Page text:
MARINE CONSERVATION SOCIETY
Reef care: just a one-year wonder?
Every year is the year of something or other. 1997 has been the International Year of the Reef, or IYOR. Did it mean anything or was it 12 months we will soon forget?
IYOR came from the grassroots, from conservation bodies, universities, aquariums and companies involved with coral reefs. They understood the threats reefs face, and wanted to help prevent further damage.
IYOR grew to include more than 150 organisations in 40 countries. Volunteers from a wide range of backgrounds and ages came forward to promote coral reef awareness and conservation, and to take part in activities worldwide to assess the health of the reefs.
Many of us make the annual pilgrimage to the Red Sea or farther afield to dive the warm, clear and teeming waters around coral reefs. Healthy reefs are vital to local populations and we also suffer when they are reduced to rubble, choked with sediment or fished out.
The Marine Conservation Society is one of the UK organisations that made special efforts during IYOR. We expanded our volunteer survey programme in the Red Sea, Sri Lanka and the Seychelles. We launched, with Diver's help, the Ocean Vigil survey, allowing individual divers and snorkellers to contribute information on reef health.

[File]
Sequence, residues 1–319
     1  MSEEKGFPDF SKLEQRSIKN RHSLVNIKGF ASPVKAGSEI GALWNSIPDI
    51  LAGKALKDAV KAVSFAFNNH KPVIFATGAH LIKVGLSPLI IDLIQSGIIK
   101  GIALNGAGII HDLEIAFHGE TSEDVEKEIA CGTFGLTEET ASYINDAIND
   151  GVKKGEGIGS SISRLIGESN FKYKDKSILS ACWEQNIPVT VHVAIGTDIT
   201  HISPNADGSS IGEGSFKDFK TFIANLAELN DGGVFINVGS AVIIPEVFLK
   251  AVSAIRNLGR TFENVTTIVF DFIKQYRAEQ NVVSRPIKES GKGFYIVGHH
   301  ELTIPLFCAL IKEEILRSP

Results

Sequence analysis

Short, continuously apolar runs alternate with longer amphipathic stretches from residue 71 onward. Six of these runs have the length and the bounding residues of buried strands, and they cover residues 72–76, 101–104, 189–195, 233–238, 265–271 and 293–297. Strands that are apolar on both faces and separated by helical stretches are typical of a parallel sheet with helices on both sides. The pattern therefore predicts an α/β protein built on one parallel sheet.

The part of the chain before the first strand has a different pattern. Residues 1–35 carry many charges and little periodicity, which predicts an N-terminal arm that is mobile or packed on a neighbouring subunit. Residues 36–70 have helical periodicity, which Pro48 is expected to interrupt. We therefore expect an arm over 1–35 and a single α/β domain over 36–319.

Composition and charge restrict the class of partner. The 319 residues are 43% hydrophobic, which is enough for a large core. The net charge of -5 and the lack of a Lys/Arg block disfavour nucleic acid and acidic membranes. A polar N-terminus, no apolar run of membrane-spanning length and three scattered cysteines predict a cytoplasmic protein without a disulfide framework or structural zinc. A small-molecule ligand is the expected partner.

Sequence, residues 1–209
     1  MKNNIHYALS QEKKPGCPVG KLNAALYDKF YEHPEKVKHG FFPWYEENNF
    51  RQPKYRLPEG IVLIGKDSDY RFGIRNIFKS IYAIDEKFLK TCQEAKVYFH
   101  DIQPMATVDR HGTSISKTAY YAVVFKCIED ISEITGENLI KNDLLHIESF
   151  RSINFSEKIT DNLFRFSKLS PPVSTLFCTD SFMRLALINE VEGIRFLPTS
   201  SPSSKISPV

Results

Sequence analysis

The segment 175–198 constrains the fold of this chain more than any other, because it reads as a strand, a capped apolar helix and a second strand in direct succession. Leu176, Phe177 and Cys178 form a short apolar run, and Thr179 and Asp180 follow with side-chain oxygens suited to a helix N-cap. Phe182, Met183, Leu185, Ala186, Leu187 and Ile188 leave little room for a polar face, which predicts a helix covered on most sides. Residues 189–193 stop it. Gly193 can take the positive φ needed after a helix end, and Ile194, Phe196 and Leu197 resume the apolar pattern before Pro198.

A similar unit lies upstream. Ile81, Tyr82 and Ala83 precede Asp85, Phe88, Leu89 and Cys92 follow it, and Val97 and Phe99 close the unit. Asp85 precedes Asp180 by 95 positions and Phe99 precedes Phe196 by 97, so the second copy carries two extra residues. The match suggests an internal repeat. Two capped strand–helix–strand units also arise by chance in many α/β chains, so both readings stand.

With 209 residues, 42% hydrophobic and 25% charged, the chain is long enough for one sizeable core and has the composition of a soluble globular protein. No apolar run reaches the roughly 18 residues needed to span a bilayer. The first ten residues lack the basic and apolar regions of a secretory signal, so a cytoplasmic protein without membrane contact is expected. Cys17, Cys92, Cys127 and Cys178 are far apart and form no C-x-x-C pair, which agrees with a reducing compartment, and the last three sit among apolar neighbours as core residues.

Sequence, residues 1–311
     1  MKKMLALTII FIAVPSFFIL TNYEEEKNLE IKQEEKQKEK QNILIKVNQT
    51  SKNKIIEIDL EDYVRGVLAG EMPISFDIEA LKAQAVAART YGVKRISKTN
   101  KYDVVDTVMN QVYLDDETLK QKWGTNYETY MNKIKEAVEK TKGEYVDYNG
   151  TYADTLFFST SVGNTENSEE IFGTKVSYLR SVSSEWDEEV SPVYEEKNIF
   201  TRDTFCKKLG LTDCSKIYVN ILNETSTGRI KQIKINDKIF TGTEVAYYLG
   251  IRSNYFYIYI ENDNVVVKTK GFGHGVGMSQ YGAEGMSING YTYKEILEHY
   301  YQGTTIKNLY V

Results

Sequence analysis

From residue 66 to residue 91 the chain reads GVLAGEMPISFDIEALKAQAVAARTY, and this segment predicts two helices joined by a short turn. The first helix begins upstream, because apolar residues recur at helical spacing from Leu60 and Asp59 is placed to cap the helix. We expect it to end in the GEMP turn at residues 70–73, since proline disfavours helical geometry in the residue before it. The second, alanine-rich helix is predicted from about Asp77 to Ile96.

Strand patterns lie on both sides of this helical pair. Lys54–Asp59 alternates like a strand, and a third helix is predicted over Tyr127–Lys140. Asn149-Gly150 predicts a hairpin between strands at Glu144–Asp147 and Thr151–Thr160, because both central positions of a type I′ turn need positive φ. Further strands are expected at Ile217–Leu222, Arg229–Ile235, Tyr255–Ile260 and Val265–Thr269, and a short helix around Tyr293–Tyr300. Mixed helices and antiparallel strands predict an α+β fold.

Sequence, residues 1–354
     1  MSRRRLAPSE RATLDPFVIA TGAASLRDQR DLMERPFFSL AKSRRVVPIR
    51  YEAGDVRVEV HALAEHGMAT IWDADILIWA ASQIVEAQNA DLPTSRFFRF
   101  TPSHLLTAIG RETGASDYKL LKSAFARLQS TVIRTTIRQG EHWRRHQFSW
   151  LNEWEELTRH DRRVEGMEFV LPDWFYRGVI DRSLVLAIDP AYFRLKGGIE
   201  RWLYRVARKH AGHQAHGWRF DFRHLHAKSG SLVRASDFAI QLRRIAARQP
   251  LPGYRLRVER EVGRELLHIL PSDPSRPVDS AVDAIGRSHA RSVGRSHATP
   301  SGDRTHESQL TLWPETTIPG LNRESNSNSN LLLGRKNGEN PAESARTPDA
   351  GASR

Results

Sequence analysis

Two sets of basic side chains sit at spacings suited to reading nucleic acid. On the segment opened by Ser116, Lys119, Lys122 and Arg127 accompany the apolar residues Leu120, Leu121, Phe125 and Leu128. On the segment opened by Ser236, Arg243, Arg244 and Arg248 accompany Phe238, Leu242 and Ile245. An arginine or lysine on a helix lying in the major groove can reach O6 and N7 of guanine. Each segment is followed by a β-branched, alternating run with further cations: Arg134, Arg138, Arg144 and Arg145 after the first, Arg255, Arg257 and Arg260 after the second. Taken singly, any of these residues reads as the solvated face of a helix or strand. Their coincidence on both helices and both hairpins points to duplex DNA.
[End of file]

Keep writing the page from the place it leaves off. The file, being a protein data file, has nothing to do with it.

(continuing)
We produced a Coral Code for tour operators to send to their clients and a Red Sea in-flight video to encourage visitors to respect the reefs. We published coral reef factsheets, a slide set and ran ecology courses for divers.
So does it all stop now? Certainly not. Worldwide the Reef Check volunteer surveys continue. The interest aroused means we will double our coral reef courses for 1998 and expand our survey programme in the Red Sea and elsewhere. The enthusiasm generated continues long after the year is over.
1998 will be the Year of the Ocean, another chance for us to play our part in conserving the world on which our sport depends.
Appeared in DIVER - December 1997